Margate's effort to bar a massive sand dune from its beaches may be over, but as city officials drove the beach last week the dune project - due to start in the fall - seemed as welcome as sand fleas.
"The dunes will create potential problems with drainage," City Commissioner John Amodeo, head of public safety, declared from the backseat of a municipal SUV.
His observation won a nod from Public Works Director Frank Ricciotti, who was driving, and a "yup" from city engineer Ed Walberg, who sat in back with Amodeo. Suddenly the SUV was filled with talk of "ponding" and "blockage" and the "Army Corps."
An Army Corps engineer said later that their concerns were unfounded.
On May 31, the Margate City Commission voted unanimously to end its three-year effort to block the state's acquisition of 87 city-owned easements so that the U.S. Army Corps of Engineers could build an 80-foot-wide dune as protection against storm surges.
Gov. Christie endorsed a dune project for the full length of the Jersey coast following the massive devastation by Hurricane Sandy in 2012. Much of it is now in place.
But Margate balked, insisting its own system of bulkheads protects the ocean side of the city against storm surges, and voters twice authorized city officials to challenge the plan in court.
In April, however, State Superior Court Judge Julio Mendez ruled in Atlantic County that a dune would provide better protection than the bulkhead. The state and Army Corps could proceed, Mendez said.
The city, which had spent more than $300,000 battling the project, reluctantly concluded that further legal maneuvering was futile, Business Administrator Richard Deaney said last week.
At issue now, local officials say, is how well the unwanted dune project will fit in.
Light rain spattered the windshield as the three crept north over the wet sand, populated this morning by laughing gulls.
No day for beachgoers, it was ideal for showing how water drains from the easternmost side of Margate - and why the city still doesn't want the dune project it feels forced to accept.
"It's going to be one continuous dune on our beaches," explained Amodeo.
At Decatur, Benson, and Cedar Grove Avenues, they also noted the ground-level "scuppers," or storm water outlets, that pierce each bulkhead, and the tiny ponds that form in the sand below them.
Then the group arrived at Vendome Avenue. Here, a wooden bulkhead stands between the street and the sand. And just to the north stands one of Margate's rare existing dunes. Capped by grass, it is 13 feet tall, double the height of the dune to come.
But here also, there is a gateway for beachgoers, who can walk along a broad, blue mat toward the ocean.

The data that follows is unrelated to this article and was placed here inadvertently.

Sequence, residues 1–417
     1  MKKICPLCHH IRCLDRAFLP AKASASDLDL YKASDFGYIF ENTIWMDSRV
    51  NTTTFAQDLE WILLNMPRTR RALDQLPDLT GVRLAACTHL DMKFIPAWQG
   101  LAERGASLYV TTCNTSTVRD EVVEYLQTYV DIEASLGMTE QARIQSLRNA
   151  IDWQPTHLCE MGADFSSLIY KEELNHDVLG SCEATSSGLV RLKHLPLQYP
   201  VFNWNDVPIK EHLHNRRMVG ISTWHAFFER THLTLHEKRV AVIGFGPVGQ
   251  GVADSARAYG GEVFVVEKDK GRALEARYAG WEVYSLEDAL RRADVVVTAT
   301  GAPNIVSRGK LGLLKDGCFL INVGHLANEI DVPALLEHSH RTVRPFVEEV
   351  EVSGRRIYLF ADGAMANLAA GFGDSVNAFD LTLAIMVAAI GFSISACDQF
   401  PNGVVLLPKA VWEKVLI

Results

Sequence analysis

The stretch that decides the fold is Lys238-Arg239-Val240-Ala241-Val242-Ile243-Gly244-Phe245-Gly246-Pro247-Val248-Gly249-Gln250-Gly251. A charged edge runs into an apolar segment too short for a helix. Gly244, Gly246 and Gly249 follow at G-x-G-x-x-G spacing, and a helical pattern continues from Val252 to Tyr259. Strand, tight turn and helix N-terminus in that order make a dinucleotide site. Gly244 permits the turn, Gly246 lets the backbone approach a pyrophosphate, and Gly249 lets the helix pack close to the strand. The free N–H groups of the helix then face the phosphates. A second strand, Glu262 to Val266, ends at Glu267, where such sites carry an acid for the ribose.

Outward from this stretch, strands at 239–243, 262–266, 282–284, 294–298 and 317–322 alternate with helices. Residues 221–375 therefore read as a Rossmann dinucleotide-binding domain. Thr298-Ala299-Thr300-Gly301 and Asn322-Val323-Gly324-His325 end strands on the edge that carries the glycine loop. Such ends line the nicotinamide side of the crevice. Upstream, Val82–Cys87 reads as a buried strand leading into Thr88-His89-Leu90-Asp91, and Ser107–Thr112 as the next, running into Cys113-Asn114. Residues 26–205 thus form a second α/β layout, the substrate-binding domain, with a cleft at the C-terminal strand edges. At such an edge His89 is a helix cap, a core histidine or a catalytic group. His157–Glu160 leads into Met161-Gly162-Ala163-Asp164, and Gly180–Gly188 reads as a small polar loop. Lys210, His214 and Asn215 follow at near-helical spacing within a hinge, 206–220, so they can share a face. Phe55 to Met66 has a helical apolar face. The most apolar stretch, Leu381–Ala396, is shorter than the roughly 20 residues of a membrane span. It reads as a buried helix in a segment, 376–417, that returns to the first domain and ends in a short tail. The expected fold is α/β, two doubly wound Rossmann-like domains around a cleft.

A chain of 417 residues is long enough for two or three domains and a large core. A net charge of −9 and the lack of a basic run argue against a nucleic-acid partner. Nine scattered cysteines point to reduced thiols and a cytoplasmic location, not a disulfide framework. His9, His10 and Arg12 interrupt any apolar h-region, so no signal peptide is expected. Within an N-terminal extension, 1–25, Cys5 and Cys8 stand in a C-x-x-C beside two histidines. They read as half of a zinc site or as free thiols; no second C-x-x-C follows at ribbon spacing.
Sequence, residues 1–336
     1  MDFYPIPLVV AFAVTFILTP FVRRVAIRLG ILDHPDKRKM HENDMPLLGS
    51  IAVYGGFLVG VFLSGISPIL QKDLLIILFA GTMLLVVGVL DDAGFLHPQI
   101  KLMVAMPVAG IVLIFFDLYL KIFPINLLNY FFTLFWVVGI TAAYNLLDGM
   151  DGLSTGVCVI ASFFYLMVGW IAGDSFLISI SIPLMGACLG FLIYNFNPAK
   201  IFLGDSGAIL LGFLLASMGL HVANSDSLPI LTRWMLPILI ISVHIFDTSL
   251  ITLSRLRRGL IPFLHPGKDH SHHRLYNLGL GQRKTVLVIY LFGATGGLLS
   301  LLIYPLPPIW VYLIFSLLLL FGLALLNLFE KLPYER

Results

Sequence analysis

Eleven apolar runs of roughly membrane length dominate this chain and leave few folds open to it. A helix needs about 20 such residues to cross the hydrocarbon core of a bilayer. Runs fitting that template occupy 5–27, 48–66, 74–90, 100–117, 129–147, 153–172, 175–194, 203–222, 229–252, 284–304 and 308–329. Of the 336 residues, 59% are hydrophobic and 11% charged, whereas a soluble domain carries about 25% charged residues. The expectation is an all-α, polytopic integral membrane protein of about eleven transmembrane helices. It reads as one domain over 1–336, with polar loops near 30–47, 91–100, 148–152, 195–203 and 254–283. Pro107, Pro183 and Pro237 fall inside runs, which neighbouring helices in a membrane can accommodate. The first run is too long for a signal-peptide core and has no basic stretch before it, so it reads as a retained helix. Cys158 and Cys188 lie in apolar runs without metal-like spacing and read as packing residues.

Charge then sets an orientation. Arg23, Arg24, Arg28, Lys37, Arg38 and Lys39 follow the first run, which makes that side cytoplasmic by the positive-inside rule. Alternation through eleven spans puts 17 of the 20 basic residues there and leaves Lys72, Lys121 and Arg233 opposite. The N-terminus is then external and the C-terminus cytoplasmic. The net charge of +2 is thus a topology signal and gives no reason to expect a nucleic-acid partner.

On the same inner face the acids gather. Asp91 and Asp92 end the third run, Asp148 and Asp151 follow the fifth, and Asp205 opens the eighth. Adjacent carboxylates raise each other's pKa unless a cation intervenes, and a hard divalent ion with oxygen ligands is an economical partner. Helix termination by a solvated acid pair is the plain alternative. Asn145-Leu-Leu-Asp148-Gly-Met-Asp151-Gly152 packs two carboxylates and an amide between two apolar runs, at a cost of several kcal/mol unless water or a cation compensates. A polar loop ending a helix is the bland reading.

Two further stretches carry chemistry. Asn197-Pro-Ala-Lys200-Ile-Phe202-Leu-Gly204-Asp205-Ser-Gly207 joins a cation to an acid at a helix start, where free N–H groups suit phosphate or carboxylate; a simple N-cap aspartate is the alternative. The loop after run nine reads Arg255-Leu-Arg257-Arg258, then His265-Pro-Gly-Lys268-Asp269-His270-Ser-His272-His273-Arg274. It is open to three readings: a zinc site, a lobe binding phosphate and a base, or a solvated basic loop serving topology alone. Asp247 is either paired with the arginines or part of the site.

"This is one of our handicap access points," said Amodeo, who had followed Ricciotti out of the SUV.
Margate's beaches are "user friendly," said Amodeo, and 28 of its 42 street ends have ground-level access points, without stairs, like this one.
"We spent a lot of money building these," he said, "but now we will have obstacles."
The new, continuous dune will block 18 of these access points, according to Amodeo, because federal regulations require just one every half-mile. Anyone pushing a stroller or wheelchair will have a 51/2-foot climb once the dune is in place.
But of even greater concern, say these city officials, the new dune could entrap water in heavy rains both here and at the scuppers.
"This opening will no longer be here," said Ricciotti, pointing to the broad path of the wheelchair-friendly mat. Its gentle slope leads storm water away from homes and streets and toward the sea.
"Our concern," he said, "is that after a heavy rain, there will be no way to get the water out of here."
By "here" he meant the 25-foot flat surface of sand that will exist between the bulkhead and the completed dune.
"You don't have to be a rocket scientist," said Amodeo, "to know that the water table rises" when it can't escape.
But Harry Friebel, a coastal engineer for the Philadelphia District of the Army Corps of Engineers, said Margate's worries about ponding would likely fade once the dune is in place.
"We acknowledge that Margate has a unique drainage system that drains oil [dripped onto streets from autos] onto the beach through the scuppers," Friebel said Friday.
"It's not what we see elsewhere along the Jersey coast, and it's not ideal," said Friebel. "But we don't want to induce drainage issues for Margate with the current design."
The corps' design, he said, calls for lowering by 21/2 feet the sand level between the bulkhead and the dune. "That will create a storage area so that water can drain through the scuppers . . . and create one giant lagoon."
The water in the lagoon should percolate through the sand and into the water table within 24 to 36 hours, he said.
Ed Voigt, spokesman for the corps' Philadelphia district, said he expected it would have bids on the project by late summer and that construction of the dune could begin in the fall.
Known as the Absecon Island Project, it will complete the southern 10 blocks of the dune that went unbuilt in Ventnor, to the north, extend through Margate, and continue south into Longport.
It will be funded entirely by the federal government, said Voigt, who declined to estimate what it might cost.
Nick Russo, Longport's mayor, said he was looking forward to seeing the new dune in place.
During Sandy, he said, the four midsize dunes at the north end of his town had protected homes and streets from the massive sand migration that struck the borough's south end.
"We had 12, 16 inches going way back," said Russo, "with police cars and fire trucks and ambulances that couldn't move.
"I'm satisfied that dunes do, in fact, protect," he said.